In 2009 Patricia Urquiola devised an event that drew on African designers’ expertise to create new products, which were then exhibited in the Moroso showroom in Milan.
Designers Bibi Seck and Ayse Birsel used traditional wire weaving techniques to make a variety of furniture, including this oversized chair called Madame Dakar, an enormous armchair as enveloping as a hammock. Tord Boontje used the same method for his Shadowy collection (below).
Here is what Patricia Urquiola has to say about the reasons behind a project centred around Africa:
“Multifaceted, modern Africa deserves to be known and sustained for the originality of the creative languages with which it enriches global culture. The African continent is extraordinarily rich in creativity, materials and ideas that are sources of inspiration and nourishment for us. When applied to design, they engender products which exude tradition and modernity, innovation and history, form and beauty.
I think there is so much of Africa and in this event my intent was to showcase the creativity of a few of the great artists and personalities of contemporary African culture. Going beyond the stereotypes that present Africa as a tragic or, at best, exotic experience, we want to highlight some aspects of contemporary African culture, which is in effect comparable to global culture. Looking at Africa through the eyes of contemporary art, photography, architecture and design is perhaps the most appropriate way of approaching this vast, powerful continent, so creatively rich and diverse that today it is still one of western modernity’s greatest sources of inspiration”.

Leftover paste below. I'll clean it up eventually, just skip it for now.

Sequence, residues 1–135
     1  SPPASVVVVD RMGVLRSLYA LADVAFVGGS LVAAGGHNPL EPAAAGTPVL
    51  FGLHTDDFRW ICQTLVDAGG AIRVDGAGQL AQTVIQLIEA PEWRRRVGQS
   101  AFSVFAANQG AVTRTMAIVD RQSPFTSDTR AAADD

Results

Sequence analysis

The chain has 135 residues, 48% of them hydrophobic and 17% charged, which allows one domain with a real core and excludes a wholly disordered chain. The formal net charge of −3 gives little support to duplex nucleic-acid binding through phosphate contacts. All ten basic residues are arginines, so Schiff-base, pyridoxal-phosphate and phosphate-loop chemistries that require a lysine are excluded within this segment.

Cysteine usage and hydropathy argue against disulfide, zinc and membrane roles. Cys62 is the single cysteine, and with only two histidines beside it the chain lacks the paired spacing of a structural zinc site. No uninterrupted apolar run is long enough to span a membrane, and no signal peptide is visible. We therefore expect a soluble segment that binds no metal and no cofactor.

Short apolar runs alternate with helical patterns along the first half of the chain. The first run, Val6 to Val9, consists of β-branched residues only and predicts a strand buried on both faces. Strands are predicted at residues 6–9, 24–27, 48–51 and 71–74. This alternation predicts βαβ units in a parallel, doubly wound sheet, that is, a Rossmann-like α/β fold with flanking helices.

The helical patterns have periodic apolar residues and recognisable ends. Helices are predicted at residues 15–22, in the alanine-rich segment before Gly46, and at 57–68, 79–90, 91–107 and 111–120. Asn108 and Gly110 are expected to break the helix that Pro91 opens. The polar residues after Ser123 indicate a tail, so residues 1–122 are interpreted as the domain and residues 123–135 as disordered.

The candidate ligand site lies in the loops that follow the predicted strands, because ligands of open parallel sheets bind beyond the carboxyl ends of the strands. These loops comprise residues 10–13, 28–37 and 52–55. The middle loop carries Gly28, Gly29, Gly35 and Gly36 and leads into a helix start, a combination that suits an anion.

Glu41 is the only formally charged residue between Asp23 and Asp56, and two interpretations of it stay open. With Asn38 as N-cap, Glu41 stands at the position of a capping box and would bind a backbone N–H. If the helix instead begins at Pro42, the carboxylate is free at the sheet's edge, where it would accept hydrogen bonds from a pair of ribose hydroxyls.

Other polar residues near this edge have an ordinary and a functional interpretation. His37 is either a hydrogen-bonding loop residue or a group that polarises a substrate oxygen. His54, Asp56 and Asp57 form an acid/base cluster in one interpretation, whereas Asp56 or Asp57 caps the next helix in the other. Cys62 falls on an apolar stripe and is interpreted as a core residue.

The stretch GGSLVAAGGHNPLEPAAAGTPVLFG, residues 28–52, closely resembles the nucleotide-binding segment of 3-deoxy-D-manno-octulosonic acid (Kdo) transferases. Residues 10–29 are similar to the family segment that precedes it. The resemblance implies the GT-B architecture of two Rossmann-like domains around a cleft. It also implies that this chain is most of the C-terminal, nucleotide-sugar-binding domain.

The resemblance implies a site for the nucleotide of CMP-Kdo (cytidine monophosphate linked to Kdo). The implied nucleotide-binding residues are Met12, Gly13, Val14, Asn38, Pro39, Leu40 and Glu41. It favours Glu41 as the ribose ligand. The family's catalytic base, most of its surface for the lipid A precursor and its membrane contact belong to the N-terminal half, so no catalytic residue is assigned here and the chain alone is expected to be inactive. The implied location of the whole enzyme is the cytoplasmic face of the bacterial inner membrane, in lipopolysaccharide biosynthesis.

There’s also Patricia Urquiola’s “bench” that sits on the sand like a tree trunk.
Stephen Burks’s creations are equally beautiful: a chair, an armchair and a range of pouffes in various sizes.
Philippe Bestenaider exhibited Binta; an armchair in sculptural form with the solid, heavy look of the baobab rooted to the ground. Binta is upholstered in multicolour patchwork wax prints. Plus the Bogolan Pouffe, made of a very distinctive material – a tyre recycling by-product – printed with decorative motifs.
On this occasion, some of Moroso’s iconic designs are also upholstered in African fabrics: Ron Arad’s Victoria & Albert and Do-lo-rez
For me minimal is divine so i have saved the best for the last, or rather shall i say ‘my best’. …bayekou, toogou and nopolou by Bibi Seck and Ayse Birse